As defined in the Lanham Act, "The term `trade-mark' includes any word, name, symbol, or device or any combination thereof adopted and used by a manufacturer or merchant to identify his goods and distinguish them from those manufactured and sold by others." 15 U.S.C.A. § 1127.


It seems obvious, as was pointed out by the Assistant Commissioner, that the words "Walker Process Equipment Inc." were adopted primarily for the purpose of identifying the applicant and distinguishing it from other producers of goods rather than for the purpose of identifying or distinguishing its goods from those of other producers.


Since the words "Walker Process Equipment Inc." were not adopted to identify or distinguish goods, and would not, standing alone, be considered a trade-mark, any trade-mark significance which they might have must be of a secondary nature acquired as the result of use. It is therefore necessary to further examine how those words were used.


As above stated, the specimens submitted by appellant show that the words "Walker Process Equipment Inc." are used in association with the words "Aurora Illinois" or "Aurora Ill. U.S.A." and with the trade-mark "Proquip," which is more prominently displayed than the other words.


Since the word "Proquip" is a trade-mark, it must necessarily identify and distinguish the goods to which it is applied, and being the most prominent feature of the specimens presented, it is obviously intended to be the principal means of identification. The words "Walker Process Equipment Inc." are therefore clearly unnecessary so far as any trade-mark purpose is concerned, since the goods are sufficiently identified without them by an arbitrary word which would normally be considered to be a trade-mark. While it may be that two or more distinct trade-marks may be applied simultaneously to the same goods, that is clearly not the usual practice, and where, as here, the most prominent feature of a label is a word which is unquestionably a trade-mark, the natural inference would be that the remaining words on the label are not to be considered a trade-mark.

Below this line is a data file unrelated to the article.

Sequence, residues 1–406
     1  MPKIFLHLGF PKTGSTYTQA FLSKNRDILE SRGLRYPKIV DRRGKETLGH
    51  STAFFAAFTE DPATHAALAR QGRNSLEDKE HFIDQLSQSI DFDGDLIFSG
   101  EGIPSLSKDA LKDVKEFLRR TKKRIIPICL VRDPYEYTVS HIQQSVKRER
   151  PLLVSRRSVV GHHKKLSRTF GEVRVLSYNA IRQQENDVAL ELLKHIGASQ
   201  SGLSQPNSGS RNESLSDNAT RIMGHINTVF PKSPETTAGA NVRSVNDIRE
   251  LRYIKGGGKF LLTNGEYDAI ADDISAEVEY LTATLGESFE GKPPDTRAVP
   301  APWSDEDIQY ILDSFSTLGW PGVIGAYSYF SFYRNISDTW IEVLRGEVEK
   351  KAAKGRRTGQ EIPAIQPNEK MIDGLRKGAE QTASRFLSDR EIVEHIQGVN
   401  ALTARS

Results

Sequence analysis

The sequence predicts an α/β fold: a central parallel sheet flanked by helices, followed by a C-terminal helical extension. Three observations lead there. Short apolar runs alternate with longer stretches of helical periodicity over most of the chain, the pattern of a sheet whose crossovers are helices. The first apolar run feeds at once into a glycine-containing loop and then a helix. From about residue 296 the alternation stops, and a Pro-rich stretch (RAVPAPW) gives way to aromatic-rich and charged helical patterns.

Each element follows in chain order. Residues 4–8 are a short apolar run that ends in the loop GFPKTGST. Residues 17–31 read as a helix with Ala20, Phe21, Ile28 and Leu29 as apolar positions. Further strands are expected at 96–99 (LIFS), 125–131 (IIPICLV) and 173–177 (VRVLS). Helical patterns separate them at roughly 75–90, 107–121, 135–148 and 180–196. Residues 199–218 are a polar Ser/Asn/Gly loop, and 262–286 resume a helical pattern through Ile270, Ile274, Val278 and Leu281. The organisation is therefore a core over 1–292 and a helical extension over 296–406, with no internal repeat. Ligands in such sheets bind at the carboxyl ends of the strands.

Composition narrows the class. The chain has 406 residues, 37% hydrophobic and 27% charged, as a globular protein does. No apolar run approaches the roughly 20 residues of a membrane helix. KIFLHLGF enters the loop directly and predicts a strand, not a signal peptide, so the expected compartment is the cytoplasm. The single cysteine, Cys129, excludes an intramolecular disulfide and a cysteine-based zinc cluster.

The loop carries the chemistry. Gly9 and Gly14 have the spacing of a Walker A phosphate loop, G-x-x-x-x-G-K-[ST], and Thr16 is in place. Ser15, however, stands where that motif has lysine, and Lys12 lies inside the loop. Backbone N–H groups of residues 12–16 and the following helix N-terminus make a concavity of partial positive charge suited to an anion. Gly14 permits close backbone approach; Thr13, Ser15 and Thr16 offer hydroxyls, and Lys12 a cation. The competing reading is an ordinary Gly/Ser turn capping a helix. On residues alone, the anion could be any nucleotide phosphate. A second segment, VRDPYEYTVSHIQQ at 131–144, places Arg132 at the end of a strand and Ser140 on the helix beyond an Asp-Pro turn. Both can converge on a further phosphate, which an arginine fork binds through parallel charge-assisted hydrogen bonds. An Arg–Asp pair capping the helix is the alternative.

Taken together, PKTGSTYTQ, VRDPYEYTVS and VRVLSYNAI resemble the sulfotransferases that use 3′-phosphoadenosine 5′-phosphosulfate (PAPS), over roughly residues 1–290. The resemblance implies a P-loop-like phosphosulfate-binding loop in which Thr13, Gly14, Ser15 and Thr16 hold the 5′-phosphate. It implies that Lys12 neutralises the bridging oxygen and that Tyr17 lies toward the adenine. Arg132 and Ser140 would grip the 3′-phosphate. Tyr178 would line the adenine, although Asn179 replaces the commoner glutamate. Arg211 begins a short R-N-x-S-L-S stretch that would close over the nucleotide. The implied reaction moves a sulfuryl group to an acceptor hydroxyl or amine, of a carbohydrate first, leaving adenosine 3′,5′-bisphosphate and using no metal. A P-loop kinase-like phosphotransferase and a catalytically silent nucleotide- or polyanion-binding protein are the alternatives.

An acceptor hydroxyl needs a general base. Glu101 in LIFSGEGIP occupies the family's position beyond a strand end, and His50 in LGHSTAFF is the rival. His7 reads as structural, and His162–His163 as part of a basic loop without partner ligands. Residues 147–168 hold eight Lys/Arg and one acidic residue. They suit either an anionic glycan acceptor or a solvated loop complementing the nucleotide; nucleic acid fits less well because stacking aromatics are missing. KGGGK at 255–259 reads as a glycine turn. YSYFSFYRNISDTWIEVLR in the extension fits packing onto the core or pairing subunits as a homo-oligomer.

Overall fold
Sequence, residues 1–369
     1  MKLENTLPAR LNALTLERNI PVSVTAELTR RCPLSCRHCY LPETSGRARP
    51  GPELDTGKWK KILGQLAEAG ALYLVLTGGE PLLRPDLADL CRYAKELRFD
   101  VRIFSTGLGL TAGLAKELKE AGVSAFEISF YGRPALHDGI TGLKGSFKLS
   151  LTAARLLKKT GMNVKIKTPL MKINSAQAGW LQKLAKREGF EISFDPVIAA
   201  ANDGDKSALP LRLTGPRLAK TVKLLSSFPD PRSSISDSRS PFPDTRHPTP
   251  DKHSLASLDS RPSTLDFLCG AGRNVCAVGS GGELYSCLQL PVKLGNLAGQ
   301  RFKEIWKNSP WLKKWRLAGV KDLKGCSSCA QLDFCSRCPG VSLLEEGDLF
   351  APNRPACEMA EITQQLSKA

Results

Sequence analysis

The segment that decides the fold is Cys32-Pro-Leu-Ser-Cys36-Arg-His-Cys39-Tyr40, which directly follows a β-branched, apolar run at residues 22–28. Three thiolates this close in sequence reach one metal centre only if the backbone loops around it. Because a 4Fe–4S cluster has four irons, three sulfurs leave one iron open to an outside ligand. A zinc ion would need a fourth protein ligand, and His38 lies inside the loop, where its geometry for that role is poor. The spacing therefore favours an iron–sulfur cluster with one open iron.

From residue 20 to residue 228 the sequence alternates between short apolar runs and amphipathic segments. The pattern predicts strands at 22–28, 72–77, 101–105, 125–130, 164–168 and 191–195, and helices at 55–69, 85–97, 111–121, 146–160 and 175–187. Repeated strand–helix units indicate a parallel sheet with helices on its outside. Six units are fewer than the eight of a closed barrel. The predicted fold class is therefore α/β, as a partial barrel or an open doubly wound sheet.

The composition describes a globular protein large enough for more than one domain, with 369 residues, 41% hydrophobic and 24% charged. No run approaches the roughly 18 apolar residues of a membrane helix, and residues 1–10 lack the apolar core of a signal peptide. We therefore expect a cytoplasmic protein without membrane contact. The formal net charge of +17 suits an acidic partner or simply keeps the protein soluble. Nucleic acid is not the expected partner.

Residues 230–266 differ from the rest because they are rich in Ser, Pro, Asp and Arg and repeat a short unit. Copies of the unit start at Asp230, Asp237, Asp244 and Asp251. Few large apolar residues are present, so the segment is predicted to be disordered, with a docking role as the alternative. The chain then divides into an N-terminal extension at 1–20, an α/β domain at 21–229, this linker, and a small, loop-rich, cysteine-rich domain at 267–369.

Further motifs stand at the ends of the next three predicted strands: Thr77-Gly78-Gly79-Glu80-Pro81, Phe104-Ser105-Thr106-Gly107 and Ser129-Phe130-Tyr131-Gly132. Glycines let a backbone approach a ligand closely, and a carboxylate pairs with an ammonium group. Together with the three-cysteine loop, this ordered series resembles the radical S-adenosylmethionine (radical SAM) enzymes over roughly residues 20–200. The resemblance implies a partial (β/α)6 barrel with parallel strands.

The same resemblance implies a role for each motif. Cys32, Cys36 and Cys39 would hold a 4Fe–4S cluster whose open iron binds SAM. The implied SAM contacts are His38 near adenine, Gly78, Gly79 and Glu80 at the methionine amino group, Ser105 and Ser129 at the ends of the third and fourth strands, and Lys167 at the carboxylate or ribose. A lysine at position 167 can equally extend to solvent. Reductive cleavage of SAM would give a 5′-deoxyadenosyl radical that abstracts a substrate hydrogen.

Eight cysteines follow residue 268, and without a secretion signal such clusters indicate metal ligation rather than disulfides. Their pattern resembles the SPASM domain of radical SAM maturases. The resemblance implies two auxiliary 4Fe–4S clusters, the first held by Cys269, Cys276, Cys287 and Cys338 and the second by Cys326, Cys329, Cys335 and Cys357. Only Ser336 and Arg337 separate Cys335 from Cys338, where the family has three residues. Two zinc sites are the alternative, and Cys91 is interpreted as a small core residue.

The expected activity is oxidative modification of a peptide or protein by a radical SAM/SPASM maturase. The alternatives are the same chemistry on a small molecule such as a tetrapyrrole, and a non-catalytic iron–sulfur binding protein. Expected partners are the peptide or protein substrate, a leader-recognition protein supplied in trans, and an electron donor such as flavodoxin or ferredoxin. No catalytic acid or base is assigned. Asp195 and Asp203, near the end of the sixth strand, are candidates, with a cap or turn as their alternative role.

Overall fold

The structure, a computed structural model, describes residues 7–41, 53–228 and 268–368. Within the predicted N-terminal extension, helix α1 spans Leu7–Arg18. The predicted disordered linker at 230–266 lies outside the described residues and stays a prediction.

Moreover, in the instant case, each of the specimens includes the words "Aurora Illinois" or "Aurora Ill. U.S.A." displayed in such a manner as to make it clear they indicate the location of Walker Process Equipment Inc. In the Lyndale Farm case this court said:


"Furthermore, the inference is created by the addition of the address `Floydada, Texas' to the placard that the use here involved does not so much distinguish appellant's cattle as it identifies appellant as the source of the shipment while the crate and its contents are in transit. That is trade name usage as distinguished from trade-mark usage."


Similarly here the addition of the address of Walker Process Equipment Inc. suggests that the name of the corporation is not being used as a trade-mark.


Obviously, the question of whether a corporate name, which is also a trade name, has been used as a trade-mark must be decided on the circumstances of each particular case. The initial presumption is that a corporate name is a trade name rather than a trade-mark. As was noted in the Lyndale Farm case, a trade name which has become distinctive of an applicant's goods in commerce may be registrable under section 2(f) of the 1946 Trade-Mark Act. Whether it is possible for a trade name to be registered as a trade-mark in any other manner is a question which need not be decided here, since, for the reasons given, we agree with the lower tribunals that appellant has failed to show a trade-mark use of the words involved and, accordingly, is not entitled to the registration sought.


A situation similar to that here was before the United States District Court for the District of Columbia in Duncan Electric Mfg. Co. v. Marzall, Commissioner of Patents, 95 U.S.P.Q. 242, where it was held the words "Duncan Electric Mfg. Co." had not been used in a trade-mark sense.


Appellant relies on Ex partes Dallioux, 83 U.S.P.Q. 262, holding the name "Andre Dallioux" to be registrable as a trade-mark. That case, however, was concerned with the prohibition in section 2(e) of the 1946 Act against the registration of a mark which is "primarily merely a surname" and did not involve the manner in which the name was used. Therefore, it is not in point with the facts here.


The decision appealed from is affirmed.




JACKSON, Judge, retired, recalled to participate.


O'CONNELL and COLE, JJ., because of illness, did not participate in the hearing or decision of this case.